The reason is that the USD has already strengthened fundamentally; it was in the 1.20-1.40 range in the 2012-14 period and 1.30-1.50 in 2011. We believe the lift-off is largely priced in and, perhaps more importantly, believe the Fed will hike rates very slowly and gradually.
The US will become more and more preoccupied with the presidential elections in November 2016 and Europe will gradually become more anxious about the UK referendum on the EU, tentatively scheduled for 2017 but it could happen earlier. These are major issues that most likely will shape policies for years, but we do not think it will have a dramatic impact on the economy in the short run. We do not necessarily believe in the adage “no policy is good policy” but we do not believe any major economic decisions will be taken as Obama will become a lame duck and Brussels is unlikely to take any drastic steps ahead of the UK referendum. The economy always tends to be in the limelight but there are more topical foreign policy (i.e. Iran, Middle East and China for the US while Europe will remain preoccupied with Greece, Russia and Ukraine) and migration issues. To this end, we are concerned about rising nationalism in both Europe and the US but doubt it will have any major market impact.
Implications for emerging markets
The forthcoming rate hike in the US is obviously not good news for emerging markets as capital and the USD will become more expensive. However, we do not necessarily agree with the consensus in the market that the lift-off will be disastrous for EM assets. As a matter of fact, we see four reasons why the US rate hike – whenever it comes – may be a different kind of turning point than the market currently expects.
First, the rate hike is broadly expected and anticipated. It is, in market jargon, already priced in with the bulk of the trade – USD strengthening and EM outflows – already done. The USD has strengthened against all larger EM currencies this year and by more than 10% in Brazil, Mexico, Chile, Colombia, Peru, Malaysia, Indonesia, South Africa, Russia and Turkey. Capital flows to EMs have been weak for the past few years and in particular the months ahead of rate hike expectations (remember the various “tantrums”). The bond/equity allocations to EMs have fallen from a peak of almost 18% in 2011 to 12% now, which is much below the post financial crisis average according to data from the IIF.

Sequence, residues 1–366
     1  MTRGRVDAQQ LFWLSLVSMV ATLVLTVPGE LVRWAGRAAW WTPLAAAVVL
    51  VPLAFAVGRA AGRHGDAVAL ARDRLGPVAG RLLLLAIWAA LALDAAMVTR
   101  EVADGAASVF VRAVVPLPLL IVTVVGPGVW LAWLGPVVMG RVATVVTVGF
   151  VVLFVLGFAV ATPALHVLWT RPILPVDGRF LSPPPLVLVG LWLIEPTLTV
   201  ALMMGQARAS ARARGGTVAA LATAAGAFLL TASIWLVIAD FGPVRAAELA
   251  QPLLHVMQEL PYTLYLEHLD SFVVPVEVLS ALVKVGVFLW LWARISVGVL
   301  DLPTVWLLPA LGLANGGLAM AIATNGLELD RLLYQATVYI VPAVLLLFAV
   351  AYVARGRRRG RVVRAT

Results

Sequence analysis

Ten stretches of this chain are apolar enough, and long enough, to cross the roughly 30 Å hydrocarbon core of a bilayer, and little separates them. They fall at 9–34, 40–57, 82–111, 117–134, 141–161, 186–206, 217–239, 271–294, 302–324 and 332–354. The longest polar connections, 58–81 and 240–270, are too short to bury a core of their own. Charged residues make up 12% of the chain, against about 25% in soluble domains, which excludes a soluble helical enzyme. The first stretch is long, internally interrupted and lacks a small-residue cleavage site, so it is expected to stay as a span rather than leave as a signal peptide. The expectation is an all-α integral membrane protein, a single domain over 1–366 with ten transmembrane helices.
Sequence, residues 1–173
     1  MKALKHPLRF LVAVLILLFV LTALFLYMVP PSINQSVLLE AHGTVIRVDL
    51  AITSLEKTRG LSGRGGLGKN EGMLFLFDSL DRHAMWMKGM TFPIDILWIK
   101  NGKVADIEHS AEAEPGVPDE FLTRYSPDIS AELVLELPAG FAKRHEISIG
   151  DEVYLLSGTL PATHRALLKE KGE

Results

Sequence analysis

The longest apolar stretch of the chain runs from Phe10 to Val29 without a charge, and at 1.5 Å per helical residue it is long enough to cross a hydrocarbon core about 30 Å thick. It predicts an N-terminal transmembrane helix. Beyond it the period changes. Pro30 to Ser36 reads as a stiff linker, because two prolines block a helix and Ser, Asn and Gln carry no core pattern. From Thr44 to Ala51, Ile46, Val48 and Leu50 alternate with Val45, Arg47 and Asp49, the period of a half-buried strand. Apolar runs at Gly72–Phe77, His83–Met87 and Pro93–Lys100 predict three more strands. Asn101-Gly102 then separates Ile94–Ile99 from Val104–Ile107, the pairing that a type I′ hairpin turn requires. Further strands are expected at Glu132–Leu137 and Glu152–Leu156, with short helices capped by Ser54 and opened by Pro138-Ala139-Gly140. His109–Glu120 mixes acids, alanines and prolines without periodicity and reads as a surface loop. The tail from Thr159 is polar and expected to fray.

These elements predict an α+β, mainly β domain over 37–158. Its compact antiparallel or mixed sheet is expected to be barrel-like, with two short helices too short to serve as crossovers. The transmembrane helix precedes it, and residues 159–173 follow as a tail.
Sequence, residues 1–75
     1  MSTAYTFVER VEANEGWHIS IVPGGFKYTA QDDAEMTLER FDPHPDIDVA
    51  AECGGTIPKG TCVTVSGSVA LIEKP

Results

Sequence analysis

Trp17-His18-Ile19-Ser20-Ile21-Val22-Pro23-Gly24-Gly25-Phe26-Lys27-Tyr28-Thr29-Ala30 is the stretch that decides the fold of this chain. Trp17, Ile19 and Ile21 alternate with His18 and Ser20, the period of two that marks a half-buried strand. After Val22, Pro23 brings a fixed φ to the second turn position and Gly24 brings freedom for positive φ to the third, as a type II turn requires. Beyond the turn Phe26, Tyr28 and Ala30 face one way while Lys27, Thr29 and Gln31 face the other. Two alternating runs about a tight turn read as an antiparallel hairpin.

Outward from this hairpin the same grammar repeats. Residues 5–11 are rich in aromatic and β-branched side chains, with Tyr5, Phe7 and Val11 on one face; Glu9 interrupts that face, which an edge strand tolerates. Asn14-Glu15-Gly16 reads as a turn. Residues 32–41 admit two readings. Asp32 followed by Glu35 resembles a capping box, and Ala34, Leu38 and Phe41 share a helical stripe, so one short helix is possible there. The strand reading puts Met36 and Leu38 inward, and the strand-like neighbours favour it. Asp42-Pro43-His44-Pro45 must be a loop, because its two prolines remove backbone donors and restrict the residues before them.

Second, the rate hike is the ultimate sign that the US economy has normalized. That the biggest economy in the world is doing well should at least partially off-set the slowdown in China, especially as the euro zone gradually is doing better as well. Third, US rates will stay exceptionally low for a long time and we believe the Fed will emphasize that they intend to raise rates very slowly and gradually. And this while the ECB and BoJ will continue to print money and the PBOC is unlikely to become hawkish any time soon. So, global monetary policy is likely to stay very accommodative. Finally, and as a consequence of these factors, it may be a relief when the Fed finally takes the step and hikes the rate. It would end years of speculation and everyone can move on. EM assets have been sold on the rumors and expectation of the rate hike but the trade may start to be reversed after the lift-off.
The euro zone matters less for emerging economies in general but remain important for some and for the neighboring markets in Central and Eastern Europe in particular. The fact that the euro zone is doing better economically, as outlined above, while the ECB continue to stimulate the economy thus gives good support to emerging Europe. The macro situation in the new member states is also arguably better than ever with buoyant growth and low inflation.